One Day in the Life of Ivan Denisovich Section 2 (pg. 22-40)
Tiurin, the respected squad leader of the 104th, calls the men out for roll call. Tiurin has been imprisoned for nineteen years and knows all the ins and outs of the Soviet camp system. It seems he has been able to bribe the officials out of reassignment. All the squad leaders use salt pork to "grease the hands" of the P.P.D. (Production Planning Department).
At roll call, there are twenty-four men from the 104th, including the squad leader, Tiurin. The only one missing is Panteleyev, the squealer of the group, who works in a soft, cushy office job. Ivan Denisovich, after getting the number on his jacket touched up by a camp artist, comes across a fellow squad member, Tsezar Markovich, smoking a cigarette. Although Ivan Denisovich longs for a smoke, he is subtler about his desire than Fetiukov, the jackal, who bluntly begs Tsezar for a puff:
"Every nerve in his body was taut, all his longing was concentrated in that cigarette butt--which meant more to him now, it seemed, than freedom itself--but he would never lower himself like that Fetiukov, he would never look at a man's mouth." pg. 24-25
Tsezar, annoyed at Fetiukov for disturbing his thoughts, gives the butt of his cigarette to Ivan Denisovich. Just then, there is word that the guards are checking for something. At the command of Lieutenant Volkvoi, the hated security chief, the guards search the prisoners for any extra clothing. Tsezar is written up for wearing a vest as is Buinovsky, a former naval captain, who protests, "You're not behaving like Soviet people; you're not behaving like communists." (p. 28) Lieutenant Volkvoi does not take kindly to Buinovsky's comments and he gives the Captain ten days in the guardhouse. The Lieutenant is hated for good reason; he is known to have carried a whip around. After being carefully counted, the prisoners march to their work sites. The chief of the escort guards recites the morning prayer, the rules and regulations of marching. The prisoners trod along, lost in their thoughts.
Ivan Denisovich's thoughts lie in his hometown of Temnenovo, where he learns from his wife's letters that the men of the village are abandoning the kolkhoz, or collective farms. They have all but given up on the traditional work of farming and carpentry; instead many have taken up a profitable new craft--carpet painting. Ivan Denisovich is perplexed that the men of his village would abandon their honorable work for this new craft, no matter how profitable. He feels that even if given his freedom, he would prefer to work with his two capable hands.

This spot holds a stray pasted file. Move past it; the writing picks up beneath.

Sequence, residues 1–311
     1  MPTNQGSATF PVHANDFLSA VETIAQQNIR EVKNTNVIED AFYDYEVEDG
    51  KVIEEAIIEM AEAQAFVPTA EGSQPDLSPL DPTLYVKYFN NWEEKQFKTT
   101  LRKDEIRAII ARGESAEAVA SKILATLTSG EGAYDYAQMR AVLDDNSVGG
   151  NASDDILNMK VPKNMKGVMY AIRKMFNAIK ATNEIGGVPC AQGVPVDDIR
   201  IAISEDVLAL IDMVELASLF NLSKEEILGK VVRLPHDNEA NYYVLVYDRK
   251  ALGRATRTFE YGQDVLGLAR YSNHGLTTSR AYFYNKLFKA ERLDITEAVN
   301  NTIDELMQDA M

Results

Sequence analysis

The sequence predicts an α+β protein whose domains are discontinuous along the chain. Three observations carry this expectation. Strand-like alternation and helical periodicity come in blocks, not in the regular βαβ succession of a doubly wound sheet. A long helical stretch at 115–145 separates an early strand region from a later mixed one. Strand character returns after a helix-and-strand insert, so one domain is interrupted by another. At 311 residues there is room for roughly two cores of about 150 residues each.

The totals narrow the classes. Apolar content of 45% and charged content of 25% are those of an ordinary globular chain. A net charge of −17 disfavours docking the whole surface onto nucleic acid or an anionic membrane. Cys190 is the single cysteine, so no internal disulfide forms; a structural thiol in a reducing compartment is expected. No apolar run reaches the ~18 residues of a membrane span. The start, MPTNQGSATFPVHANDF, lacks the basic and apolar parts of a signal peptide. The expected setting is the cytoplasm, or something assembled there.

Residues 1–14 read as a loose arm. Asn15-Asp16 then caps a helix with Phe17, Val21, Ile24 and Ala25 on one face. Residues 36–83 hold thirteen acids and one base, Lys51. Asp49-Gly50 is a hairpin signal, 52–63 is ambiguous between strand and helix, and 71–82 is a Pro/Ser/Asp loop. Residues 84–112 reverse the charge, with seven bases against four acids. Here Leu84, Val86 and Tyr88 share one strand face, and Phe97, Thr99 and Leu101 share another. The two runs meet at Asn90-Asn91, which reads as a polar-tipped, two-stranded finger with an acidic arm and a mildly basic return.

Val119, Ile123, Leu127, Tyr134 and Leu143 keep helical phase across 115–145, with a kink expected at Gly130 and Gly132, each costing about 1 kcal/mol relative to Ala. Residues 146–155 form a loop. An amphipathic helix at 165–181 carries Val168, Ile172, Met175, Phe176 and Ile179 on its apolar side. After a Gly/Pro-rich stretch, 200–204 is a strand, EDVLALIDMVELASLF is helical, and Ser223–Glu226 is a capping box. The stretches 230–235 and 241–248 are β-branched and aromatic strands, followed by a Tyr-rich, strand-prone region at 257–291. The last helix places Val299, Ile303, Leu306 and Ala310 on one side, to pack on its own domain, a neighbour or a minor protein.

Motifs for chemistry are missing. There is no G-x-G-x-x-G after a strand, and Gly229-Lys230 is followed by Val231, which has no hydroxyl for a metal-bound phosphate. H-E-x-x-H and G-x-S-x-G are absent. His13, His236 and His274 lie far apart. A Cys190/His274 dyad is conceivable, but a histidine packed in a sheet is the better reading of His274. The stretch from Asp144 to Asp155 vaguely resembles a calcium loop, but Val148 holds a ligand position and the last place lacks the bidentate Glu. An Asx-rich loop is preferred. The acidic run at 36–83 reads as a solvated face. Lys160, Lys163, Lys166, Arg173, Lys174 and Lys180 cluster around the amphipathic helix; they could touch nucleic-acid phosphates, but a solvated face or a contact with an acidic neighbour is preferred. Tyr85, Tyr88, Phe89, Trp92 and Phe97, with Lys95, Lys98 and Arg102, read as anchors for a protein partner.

Meanwhile, just before entering the gatehouse, the prisoners line up in columns. While waiting to go through, Ivan Denisovich observes two people, quite different from one another. One is Alyosha the Baptist, who seems content and quite oblivious to the misery of the cold and the long day of work ahead:
"Alyosha, who was standing next to Shukov, gazed at the sun and looked happy, a smile on his lips. What had he to be happy about? His cheeks were sunken, he lived strictly on his rations, he earned nothing. He spent all his Sundays muttering with the other Baptists. They shed hardships of camp life like water off a duck's back." pg. 36
The other person is Tiurin, who looks morose and hardened. Tiurin is a "true son of the GULAG," the name for the Soviet camp system. He knows the system thoroughly, and thus works to ensure the best for his squad. Ivan Denisovich has known Tiurin since their days in Ust-Izhma and in transferring camps, Tiurin personally chose Ivan Denisovich for his squad. "In camp the squad leader is everything: a good one will give you a second life; a bad one will put you in a coffin." pg. 36
While the authorities and squad leaders plan for the day's work assignments, the prisoners have some free time. Ivan Denisovich eats the half ration of bread he brought with him. As he chews, he remembers how he used to eat in his village--so much food that he never fully appreciated. Ivan Denisovich has learned in camp how to take full advantage of every little thing, even eating. He remembers how back home in the farms he would stuff himself with food. In the camp, his hunger is rarely satisfied, but even with so little food he has done much work.
The two Estonians are sitting next to Ivan Denisovich. They look alike and share everything together. They had, in fact, met in camp, but they are like brothers. Tiurin never separates them. Ivan Denisovich observes their quiet, deliberate manner and concludes that of all the Estonians he has known, he has never met a bad one.